There are some good reasons why Chancellor Philip Hammond does not seem too bothered by his supposedly disastrous U-turn on increasing Class 4 National Insurance contributions, explains Neil MacGillivray
I rarely feel sorry for politicians but I do for Philip Hammond. The Chancellor of the Exchequer is far from an easy role and always open to criticism that is regarded as just part of the job.
The political fallout, however, over his U-turn on increasing Class 4 National Insurance contributions (NICs) is completely disproportionate. You would think from some of the commentary that something cataclysmic had happened.
U-turns by a chancellor are nothing new. How can we not forget George Osbourne's 2012 budget and the failed attempt at the introduction of the so-called ‘pasty tax'? Give Hammond his due though - despite his own ‘pasty' U-turn he did not look particularly flustered or show any sign of wanting to hide himself in some relic of a bunker from the Cold War - and for good reason.
First of all, consider the facts. Of the total HM Revenue & Customs receipts of £534bn in 2015/16, NICs was the third largest contributor at £114bn - after income tax at £168bn and VAT at £115bn. The increase in Class 4 NICs from 9% to 10% in 2018/19 would have raised an additional £325m and the increase to 11% the following year to £645m.
As a percentage increase to overall NIC receipts, that works out at around 0.3% and 0.6% respectively. The reason why the increase is so low is that Class 4 NICs actually only make up around 4% of total NIC receipts. So, in the over all scheme of things, it is not a major issue.
Dated, complex and unfair
The whole NIC regime is somewhat dated, complex and unfair. The very fact an employee earning £32,000 a year will incur between them and their employer £6,170 of NICs yet a self-employed person earning the same will pay just over £2,300 does appears unreasonable.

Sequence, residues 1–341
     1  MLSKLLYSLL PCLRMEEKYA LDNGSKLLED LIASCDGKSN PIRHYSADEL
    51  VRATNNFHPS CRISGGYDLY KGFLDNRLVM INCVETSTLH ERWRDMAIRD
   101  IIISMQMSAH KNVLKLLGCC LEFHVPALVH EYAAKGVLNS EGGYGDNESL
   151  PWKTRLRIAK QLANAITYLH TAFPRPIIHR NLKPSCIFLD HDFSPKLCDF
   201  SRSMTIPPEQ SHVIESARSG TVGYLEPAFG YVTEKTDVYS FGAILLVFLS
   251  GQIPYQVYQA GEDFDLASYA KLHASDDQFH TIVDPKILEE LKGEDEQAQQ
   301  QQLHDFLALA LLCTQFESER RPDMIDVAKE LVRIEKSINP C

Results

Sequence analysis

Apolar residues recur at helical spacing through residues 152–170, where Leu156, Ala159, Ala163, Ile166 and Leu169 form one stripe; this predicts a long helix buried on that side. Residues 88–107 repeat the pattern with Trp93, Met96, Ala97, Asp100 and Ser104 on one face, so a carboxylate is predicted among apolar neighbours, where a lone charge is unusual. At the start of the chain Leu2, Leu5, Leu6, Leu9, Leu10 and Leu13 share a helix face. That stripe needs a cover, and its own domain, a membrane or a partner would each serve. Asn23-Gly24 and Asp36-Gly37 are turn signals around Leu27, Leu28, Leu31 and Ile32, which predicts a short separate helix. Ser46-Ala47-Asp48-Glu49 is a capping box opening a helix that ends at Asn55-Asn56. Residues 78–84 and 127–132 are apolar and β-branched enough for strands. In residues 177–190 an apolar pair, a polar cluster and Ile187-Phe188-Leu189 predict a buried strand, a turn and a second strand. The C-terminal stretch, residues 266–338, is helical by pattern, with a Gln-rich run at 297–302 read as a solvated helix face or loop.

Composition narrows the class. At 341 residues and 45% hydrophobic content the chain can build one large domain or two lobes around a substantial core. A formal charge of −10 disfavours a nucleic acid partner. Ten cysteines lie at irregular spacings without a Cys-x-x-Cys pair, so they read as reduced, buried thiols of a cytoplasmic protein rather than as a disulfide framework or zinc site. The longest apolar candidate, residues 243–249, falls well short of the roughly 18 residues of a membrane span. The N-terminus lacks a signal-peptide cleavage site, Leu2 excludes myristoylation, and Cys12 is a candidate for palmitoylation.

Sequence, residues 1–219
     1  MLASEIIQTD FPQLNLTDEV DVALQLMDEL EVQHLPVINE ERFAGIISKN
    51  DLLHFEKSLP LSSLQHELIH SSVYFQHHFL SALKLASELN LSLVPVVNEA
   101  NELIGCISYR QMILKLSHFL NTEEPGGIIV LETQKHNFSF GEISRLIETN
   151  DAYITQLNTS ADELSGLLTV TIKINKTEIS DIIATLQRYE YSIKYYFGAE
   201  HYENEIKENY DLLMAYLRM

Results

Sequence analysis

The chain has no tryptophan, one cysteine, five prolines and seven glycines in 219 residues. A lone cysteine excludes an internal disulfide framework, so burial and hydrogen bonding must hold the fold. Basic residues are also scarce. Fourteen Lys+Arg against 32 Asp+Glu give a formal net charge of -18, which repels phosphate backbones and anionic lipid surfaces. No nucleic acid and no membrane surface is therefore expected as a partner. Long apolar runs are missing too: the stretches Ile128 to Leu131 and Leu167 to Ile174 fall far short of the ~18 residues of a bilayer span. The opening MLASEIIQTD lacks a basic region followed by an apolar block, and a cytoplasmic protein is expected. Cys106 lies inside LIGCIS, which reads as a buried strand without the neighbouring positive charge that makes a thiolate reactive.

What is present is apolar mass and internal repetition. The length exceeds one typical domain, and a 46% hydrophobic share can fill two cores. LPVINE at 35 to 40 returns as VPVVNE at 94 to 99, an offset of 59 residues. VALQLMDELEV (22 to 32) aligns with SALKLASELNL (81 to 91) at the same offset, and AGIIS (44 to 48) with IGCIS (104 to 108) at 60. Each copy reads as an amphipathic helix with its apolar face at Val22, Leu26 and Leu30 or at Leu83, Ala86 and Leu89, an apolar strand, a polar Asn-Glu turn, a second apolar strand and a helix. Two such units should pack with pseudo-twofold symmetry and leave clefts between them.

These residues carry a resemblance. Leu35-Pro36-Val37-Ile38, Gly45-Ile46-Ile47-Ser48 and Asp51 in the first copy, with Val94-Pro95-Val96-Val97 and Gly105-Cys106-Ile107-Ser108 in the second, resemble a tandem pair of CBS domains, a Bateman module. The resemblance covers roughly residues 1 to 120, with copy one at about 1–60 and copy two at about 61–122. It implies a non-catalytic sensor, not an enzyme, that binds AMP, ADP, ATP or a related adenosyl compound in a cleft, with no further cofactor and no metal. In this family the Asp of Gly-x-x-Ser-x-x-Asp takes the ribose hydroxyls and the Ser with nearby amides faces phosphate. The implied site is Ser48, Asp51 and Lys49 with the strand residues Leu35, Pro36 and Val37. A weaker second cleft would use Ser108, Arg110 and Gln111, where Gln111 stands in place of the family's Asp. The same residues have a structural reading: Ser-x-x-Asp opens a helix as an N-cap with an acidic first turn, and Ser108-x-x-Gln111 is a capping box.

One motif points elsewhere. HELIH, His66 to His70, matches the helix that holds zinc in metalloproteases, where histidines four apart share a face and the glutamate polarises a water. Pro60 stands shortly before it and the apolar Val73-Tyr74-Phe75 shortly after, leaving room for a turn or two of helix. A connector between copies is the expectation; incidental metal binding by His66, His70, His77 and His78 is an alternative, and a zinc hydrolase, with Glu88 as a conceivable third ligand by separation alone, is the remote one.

This is particularly so as, since 2016, the self-employed have been able to build up the same entitlement to the state pension and the Chancellor said he would address the other disparities in benefits.
If there has been a flaw in this affair, it is very much a case of timing. If the increases had been introduced as part of giving the self-employed enhanced pension benefits in 2016, there would have likely been less resistance. If you have a donkey, you do not give it the carrot first then expect it to move. Or as one former prime minister might have put it: "The donkey is not for turning".
This will not be the end of the matter. The Chancellor himself said on advising of the U-turn that he would review the position and we will of course have a budget in the Autumn.
It is also worth noting that the Government is looking at aligning NICs with income tax. This has been ongoing since 2012 but the current view is to move employer NICs to a payroll levy and have the calculation of employee NICs on a similar basis to PAYE. It could prove an ideal opportunity to revisit how the self-employed are treated.
Neil MacGillivray is head of technical support at James Hay
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